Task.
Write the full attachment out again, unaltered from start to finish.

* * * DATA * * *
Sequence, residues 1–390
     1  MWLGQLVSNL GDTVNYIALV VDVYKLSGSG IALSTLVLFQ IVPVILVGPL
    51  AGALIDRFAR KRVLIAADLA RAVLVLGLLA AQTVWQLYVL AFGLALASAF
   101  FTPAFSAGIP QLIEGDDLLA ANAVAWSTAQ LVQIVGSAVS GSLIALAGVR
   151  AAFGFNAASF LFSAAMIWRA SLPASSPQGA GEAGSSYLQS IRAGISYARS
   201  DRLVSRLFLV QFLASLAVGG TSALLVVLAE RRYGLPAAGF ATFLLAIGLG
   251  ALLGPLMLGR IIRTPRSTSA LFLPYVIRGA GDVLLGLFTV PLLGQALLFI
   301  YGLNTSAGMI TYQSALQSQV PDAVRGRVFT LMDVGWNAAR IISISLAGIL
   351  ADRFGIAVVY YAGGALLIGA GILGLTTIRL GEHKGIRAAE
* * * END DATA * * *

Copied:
Sequence, residues 1–390
     1  MWLGQLVSNL GDTVNYIALV VDVYKLSGSG IALSTLVLFQ IVPVILVGPL
    51  AGALIDRFAR KRVLIAADLA RAVLVLGLLA AQTVWQLYVL AFGLALASAF
   101  FTPAFSAGIP QLIEGDDLLA ANAVAWSTAQ LVQIVGSAVS GSLIALAGVR
   151  AAFGFNAASF LFSAAMIWRA SLPASSPQGA GEAGSSYLQS IRAGISYARS
   201  DRLVSRLFLV QFLASLAVGG TSALLVVLAE RRYGLPAAGF ATFLLAIGLG
   251  ALLGPLMLGR IIRTPRSTSA LFLPYVIRGA GDVLLGLFTV PLLGQALLFI
   301  YGLNTSAGMI TYQSALQSQV PDAVRGRVFT LMDVGWNAAR IISISLAGIL
   351  ADRFGIAVVY YAGGALLIGA GILGLTTIRL GEHKGIRAAE